Back before there were all these ridiculous (in my own, English-geek opinion) acronyms and abbreviations that these kids these days use for their "texting" and whatnot*, there was J.K. It stands for "just kidding" and was what my friends and I used in the many notes we wrote to each other when we were supposed to be working on our research papers in Writing Lab.

Remember notes? Ah, the good old days.


So what am I about? Canning. Here I made this big deal about being done with canning! And tallying up the finalfinal total! And look at MEEE! DONEDONEDONEDONEDONE!!!

Ummm . . . J.K.!

See, my friend Alyssa (who you're probably thinking must be my ONLY friend, since she's the only one I ever mention, and . . . well, that's pretty much right) told me that there were several huge crates of apples on her dad's property that were drops donated by the local orchard for cider-making. Except all the cider-making that's going to happen has happened and there are STILL hundreds and hundreds--I would go so far as to say thousands--of pounds of apples in those crates, just there for the taking.

WELL. Am I the woman to pass up free fruit? No. Except I maybe didn't need to take quite as many as I did, because now I am faced with about 75 pounds (possibly more--I am terrible at estimating weight) of apples to use in the next few days before they go bad.

Last night I made a large batch of applesauce, apple juice for jelly-making, and some sauteed apples for dessert. Today I will make another large batch of applesauce which will be combined with the batch I made last night to form a full canner-load of seven quarts, and I'll use the juice to make jelly. At which time I will have disposed of MAYBE a tenth of what I brought home.

Check back with me this weekend and maybe I'll have an updated, NO REALLY I MEAN IT THIS TIME, final tally for you. Or maybe I'll have my hand in a brace because of the damage incurred by peeling and coring a thousand apples. Probably that.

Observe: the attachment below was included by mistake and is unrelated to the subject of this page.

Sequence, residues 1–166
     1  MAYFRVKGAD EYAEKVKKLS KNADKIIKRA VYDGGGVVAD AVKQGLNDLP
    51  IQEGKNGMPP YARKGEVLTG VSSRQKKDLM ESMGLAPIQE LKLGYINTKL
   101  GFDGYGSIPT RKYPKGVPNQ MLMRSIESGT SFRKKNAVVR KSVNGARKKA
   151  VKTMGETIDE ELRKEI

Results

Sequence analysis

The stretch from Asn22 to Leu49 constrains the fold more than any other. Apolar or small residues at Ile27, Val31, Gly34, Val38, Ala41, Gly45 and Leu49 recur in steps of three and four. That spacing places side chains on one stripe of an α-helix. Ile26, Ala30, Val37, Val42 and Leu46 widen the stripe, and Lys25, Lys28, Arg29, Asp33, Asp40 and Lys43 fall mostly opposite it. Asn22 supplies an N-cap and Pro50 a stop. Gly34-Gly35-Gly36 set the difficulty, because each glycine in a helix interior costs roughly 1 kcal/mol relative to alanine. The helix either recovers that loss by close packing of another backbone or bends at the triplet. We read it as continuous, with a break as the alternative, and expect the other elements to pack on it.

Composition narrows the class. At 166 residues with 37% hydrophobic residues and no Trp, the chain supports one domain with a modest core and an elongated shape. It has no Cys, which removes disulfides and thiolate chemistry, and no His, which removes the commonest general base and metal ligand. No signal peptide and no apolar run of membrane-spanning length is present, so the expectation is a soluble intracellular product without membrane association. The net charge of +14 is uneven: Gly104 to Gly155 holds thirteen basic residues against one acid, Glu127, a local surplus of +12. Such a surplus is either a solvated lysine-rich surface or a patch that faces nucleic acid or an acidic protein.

* If I'm not careful, you'll all guess that I'm not REALLY a 30-year-old mother living in a big old house in the country, but a bitter 80-year-old woman holed up in an apartment with 15 cats and my computer, at which I sit for 12 hours a day trolling message boards and spewing vitriol about the degeneracy of today's youth and the general lack of moral fiber these days. Or something.

Monday, October 25, 2010

Tallied Up

Okay! I have descended into the Pit of Despair, dodging cobwebs and other assorted gross things to count up the total jars of food canned this season. And to take the photos, of course, because otherwise how could you believe me?

Other than the fact that I'm completely trustworthy and have never lied to you before, but WHATEVER.

Moving on.

Okay, so the very first time I did this tallying was actually two years ago. It appears I didn't do it at all last year, which is unsurprising given the sad state of the canning last year. But this year I got it all counted up and duly photographed. So! On with the lists!

Caveat: Some of these things I've already started using, so I had to guess a little. And I didn't actually open the freezer and count the stuff in there, so those are estimates as well.


6 quarts plain corn
5 quarts maquechoux
10 quarts green beans (thanks, Aunt Barb!)
3 quarts chard
6 quarts strawberries? Maybe? The MiL did these, so I'm not real sure.


6 quarts mulberry juice
10 pints sauerkraut
4 pints blackberry/currant jelly
3.5 pints blackberry jelly
7.5 pints strawberry/rhubarb jam
4 pints strawberry jam
19 quarts peaches
9 pints German red cabbage
5.5 pints pickled jalapenos
5.5 pints green tomato chutney
10 quarts tomato juice
28 pints salsa
39 quarts tomatoes

The MiL also made about a dozen pints of apricot jam, 5 pints of peach jam, 5 pints of bread and butter pickles, and about 6 pints of bitter orange marmalade.

And now, what you've all been waiting for . . .

Jams and jellies on the top shelf; pickles, sauerkraut, mulberry juice, and more jelly on the second shelf; peaches, red cabbage, and some old spiced pears on the third shelf. Know what should be on the bottom shelves? Pears. Damned wind. And sheep.

Plain tomatoes on top; salsa, pickled jalapenos, chutney, and tomato juice on the bottom.

No bonus potato shot this time, because I, um, forgot.

So! That's it! Let the eating commence.

Sunday, October 24, 2010

On Being Happy with Your Lot

A. and the MiL went to a party last night. Cubby and I did not. We were invited, of course, but the party started at 6:30 p.m., which just happens to be the time a certain small person collapses into a puddle of his own drool in his crib. 6:30 is NOT party time for Cubby. So I stayed home with Cubby and A. and the MiL went off to party.

I was okay with this, however, as the MiL left me some of the beef she had prepared for her food contribution, so I didn't have to cook. Plus, there was ice cream in the freezer**.

This is how I ended up sitting by the woodstove by myself on a Saturday night eating a very large bowl of ice cream and reading about biomass fuel and goats in Grit magazine.

It may not be glamorous, but it works for me.

** PLUS plus, they brought home a piece of carrot cake for me, and the remains of the apple pie the MiL also brought. Who needs to go to a party when the food is all at home?